Validity & Reliability

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Validity & Reliability by Mind Map: Validity & Reliability

1. Test-Retest or Stability

1.1. By delivering the same assessment to the same group on different dates more than once, the reliability of the test can be measured.

1.2. Correlations in the results can often determine the reliability of the assessment.

1.3. Experience and memory from past tests negatively influence test-retest data.

2. Alternate Forms or Equivalence

2.1. The concept of alternate forms is similar to test-retest, but the tests are not identical. Instead, the tests measure the same basic concepts using different assessment items.

2.2. Alternate forms can solve the test-retest problem in which experience and memory negatively impact the results.

2.3. Again, the correlation in the results is measured to test for reliability.

3. Internal Consistency

3.1. Internal consistency relies on two methods of determination.

3.1.1. The Kuder-Richardson method shows how reliably the test measures a single concept.

3.1.2. The split-half method shows the overall reliability of a test by dividing that test in half and delivering one half as an assessment to half the students, and the other half of the test to the other half of students.

3.1.2.1. The reliability of the spilt-half method is undermined by the correlations, thus the results are merely estimates.

3.1.2.2. The Spearman-Brown prophecy formula is employed to adjust these estimates, thereby making them more reliable.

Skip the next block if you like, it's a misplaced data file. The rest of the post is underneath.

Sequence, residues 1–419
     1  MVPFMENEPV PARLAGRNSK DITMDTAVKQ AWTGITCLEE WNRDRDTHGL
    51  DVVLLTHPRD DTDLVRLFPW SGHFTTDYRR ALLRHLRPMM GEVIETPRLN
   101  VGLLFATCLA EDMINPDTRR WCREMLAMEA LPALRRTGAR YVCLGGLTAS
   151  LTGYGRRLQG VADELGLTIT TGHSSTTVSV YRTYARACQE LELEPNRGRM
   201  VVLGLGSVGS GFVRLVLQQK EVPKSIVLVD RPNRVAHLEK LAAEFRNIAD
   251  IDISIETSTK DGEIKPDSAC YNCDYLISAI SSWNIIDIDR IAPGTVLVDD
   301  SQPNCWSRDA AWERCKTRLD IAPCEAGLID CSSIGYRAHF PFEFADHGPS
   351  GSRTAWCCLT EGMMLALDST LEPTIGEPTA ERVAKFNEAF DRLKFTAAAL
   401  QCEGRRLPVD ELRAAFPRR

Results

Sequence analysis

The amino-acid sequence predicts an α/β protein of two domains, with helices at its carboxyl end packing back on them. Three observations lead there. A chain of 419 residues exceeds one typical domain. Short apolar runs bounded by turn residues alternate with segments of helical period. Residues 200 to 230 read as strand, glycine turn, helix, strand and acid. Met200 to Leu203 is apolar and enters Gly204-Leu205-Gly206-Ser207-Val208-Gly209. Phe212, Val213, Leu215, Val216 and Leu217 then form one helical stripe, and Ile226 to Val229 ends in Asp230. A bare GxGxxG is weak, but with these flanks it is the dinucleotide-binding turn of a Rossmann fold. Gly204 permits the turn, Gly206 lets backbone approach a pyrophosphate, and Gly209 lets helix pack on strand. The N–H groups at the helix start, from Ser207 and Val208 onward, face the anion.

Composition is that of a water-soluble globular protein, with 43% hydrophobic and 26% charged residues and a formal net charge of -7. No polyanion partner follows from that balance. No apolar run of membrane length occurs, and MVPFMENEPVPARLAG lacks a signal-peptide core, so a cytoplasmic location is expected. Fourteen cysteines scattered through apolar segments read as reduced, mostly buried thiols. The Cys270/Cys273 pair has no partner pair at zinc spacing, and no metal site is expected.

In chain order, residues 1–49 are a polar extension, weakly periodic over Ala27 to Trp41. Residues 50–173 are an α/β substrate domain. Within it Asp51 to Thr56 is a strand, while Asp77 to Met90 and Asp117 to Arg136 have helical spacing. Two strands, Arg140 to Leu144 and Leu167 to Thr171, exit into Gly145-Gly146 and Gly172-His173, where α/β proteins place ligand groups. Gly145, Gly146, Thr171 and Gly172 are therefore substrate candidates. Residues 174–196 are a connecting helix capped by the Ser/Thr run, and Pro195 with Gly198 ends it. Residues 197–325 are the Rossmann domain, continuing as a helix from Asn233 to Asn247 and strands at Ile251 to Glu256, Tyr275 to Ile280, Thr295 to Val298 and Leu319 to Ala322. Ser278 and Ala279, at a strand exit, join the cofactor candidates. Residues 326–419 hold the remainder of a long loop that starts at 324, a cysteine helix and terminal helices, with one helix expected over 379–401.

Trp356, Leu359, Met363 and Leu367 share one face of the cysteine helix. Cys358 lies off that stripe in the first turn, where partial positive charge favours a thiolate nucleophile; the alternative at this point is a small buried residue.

4. Content Validity Evidence

4.1. The simplest form of determining validity evidence.

4.2. Aptitude or personality testing make determining content validity more difficult.

4.3. Content validity evidence does not always support the effectiveness of an assessment.

5. Criterion-Related Validity Evidence

5.1. To obtain criterion-related validity evidence test scores are correlated with external criterion to determine their validity.

5.2. Criterion-related validity evidence gathering is divided into two subsets.

5.2.1. Predictive Validity Evidence

5.2.1.1. "Determined by correlating test scores with criterion collected after a period of time has passed" (Kubiszyn & Borich, 2012).

5.2.1.1.1. In other words, the student test scores are measured against future criteria, such as student test scores in 2012 being compared to student test scores in 2014.

5.2.2. Concurrent Criterion-related Evidence

5.2.2.1. "Determined by correlating test scores with a criterion measure at the same time" (Kubiszyn & Borich, 2012, p. 339).

5.2.2.1.1. In other words, the student test scores are measured against current criteria, such as 2012 national test score averages.

6. Construct Validity Evidence

6.1. Theoretical predictors or rationales are used in Construct Validity Evidence gathering to determine if test scores correlate with other variables.

7. "Validity: Does the test measure what it is supposed to measure?" (Kubiszyn & Borich, 2012, p. 329)

7.1. If a test has an intended purpose, then validity evidence demonstrates if the test fulfills that purpose.

8. "Reliability: Does the test yield the same or similar score rankings consistently?" (Kubiszyn& Borich, 2012, p. 329)

8.1. Reliability demonstrates how effective a test is through multiple administrations.